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The beauty that remains

rainbow-wharfedale

Over Christmas I saw quite a few beautiful rainbows. Their short-lived transience makes the thrill even greater.

However as a photographer, I was caught between living the moment and trying to capture on film. The momentary arrival of a rainbow can come with a tinge of sadness that everything soon passes on earth. Part of you wants to hold onto the rainbow’s beauty before it slips away.

The world is in a constant state of flux. Everything is fleeting – nothing lasts. The rainbow exemplifies this birth and death – all within a few minutes. It lifts our spirits, but then is gone.

***

The sweet rainbow comes and goes,
But its beauty remains.

The dear sun comes and goes,
But its duty remains.

The faithful day comes and goes,
But its sound remains.

The restful night comes and goes,
But its silence remains.

Sri Chinmoy
– Wings of Light, part 11, WL-529

In this poem, Sri Chinmoy reminds us of the beauty which is everlasting. It echoes the immortal words of John Keats.

“A thing of beauty is a joy forever”

We love the outer rainbow, not just for its unique light, but because it also – consciously or unconsciously – reminds us of the soul’s world and the inner beauty.

In the poem, Sri Chinmoy suggests we should not mourn the fading of the outer light because its Source is eternal. The outer beauty is a just reminder to seek the inner light.


Photo top: Tejvan (Wharfedale, Yorkshire, 25th December, 2016)

Prayer – Henry David Thoreau

 

Prayer

Great God, I ask for no meaner pelf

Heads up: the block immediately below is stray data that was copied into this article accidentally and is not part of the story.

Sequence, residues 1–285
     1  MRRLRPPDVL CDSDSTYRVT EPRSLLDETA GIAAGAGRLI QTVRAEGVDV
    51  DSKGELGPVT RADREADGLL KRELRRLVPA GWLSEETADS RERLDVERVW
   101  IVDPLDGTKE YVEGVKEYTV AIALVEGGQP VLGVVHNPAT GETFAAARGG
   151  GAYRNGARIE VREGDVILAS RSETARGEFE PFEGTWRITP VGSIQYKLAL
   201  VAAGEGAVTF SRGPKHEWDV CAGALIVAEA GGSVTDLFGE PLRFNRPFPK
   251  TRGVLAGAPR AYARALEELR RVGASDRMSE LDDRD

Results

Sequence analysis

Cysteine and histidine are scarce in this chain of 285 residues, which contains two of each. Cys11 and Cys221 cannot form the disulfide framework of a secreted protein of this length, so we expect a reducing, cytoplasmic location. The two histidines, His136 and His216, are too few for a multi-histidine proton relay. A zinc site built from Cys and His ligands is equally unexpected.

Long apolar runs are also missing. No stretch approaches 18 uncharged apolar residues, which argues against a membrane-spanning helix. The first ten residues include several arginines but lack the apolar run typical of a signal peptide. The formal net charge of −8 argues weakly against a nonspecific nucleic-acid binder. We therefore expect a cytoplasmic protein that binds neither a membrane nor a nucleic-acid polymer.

Than that I may not disappoint myself,
That in my action I may soar as high
As I can now discern with this clear eye.

And next in value, which thy kindness lends,
That I may greatly disappoint my friends,
Howe’er they think or hope that it may be,
They may not dream how thou’st distinguished me.

That my weak hand may equal my firm faith
And my life practice what my tongue saith
That my low conduct may not show
Nor my relenting lines
That I thy purpose did not know
Or overrated thy designs.

By: Henry David Thoreau

Photo from: Sri Chinmoy Centre Galleries

 

Because I Could Not Stop For Death

 

Because I could not stop for Death

by: Emily Dickinson

 

Because I could not stop for Death,
He kindly stopped for me;
The carriage held but just ourselves
And Immortality.

We slowly drove, he knew no haste,
And I had put away
My labour, and my leisure too,
For his civility.

We passed the school where children played,
Their lessons scarcely done;
We passed the fields of gazing grain,
We passed the setting sun.

We paused before a house that seemed
A swelling of the ground;
The roof was scarcely visible,
The cornice but a mound.

Since then ’tis centuries; but each
Feels shorter than the day
I first surmised the horses’ heads
Were toward eternity.

 

By: Emily Dickinson.

Photo by Unmesh Swanson Sri Chinmoy Centre Galleries

 

Photos Bodghaya

Bodhgaya where the Lord Buddha attained enlightenment.

Gaya is located at a distance of 105 km from Patna in the state of Bihar. Buddha Gaya is located 7 miles south of Gaya and is one of the well visited Buddhist pilgrimage centers of the Indian subcontinent.

"The Bodhi tree under which the Buddha attained enlightenment is considered to be the among the oldest and the most venerated tree in the world. This tree is said to be a descendant of the original tree, a branch of which was transplanted at Anuradhapura in Sri Lanka during the period of Emperor Ashoka the great. It is believed that Emperor Ashoka’s Guru Upagupta led him to various holy sites in the Buddhist tradition, including this tree at Gaya. "

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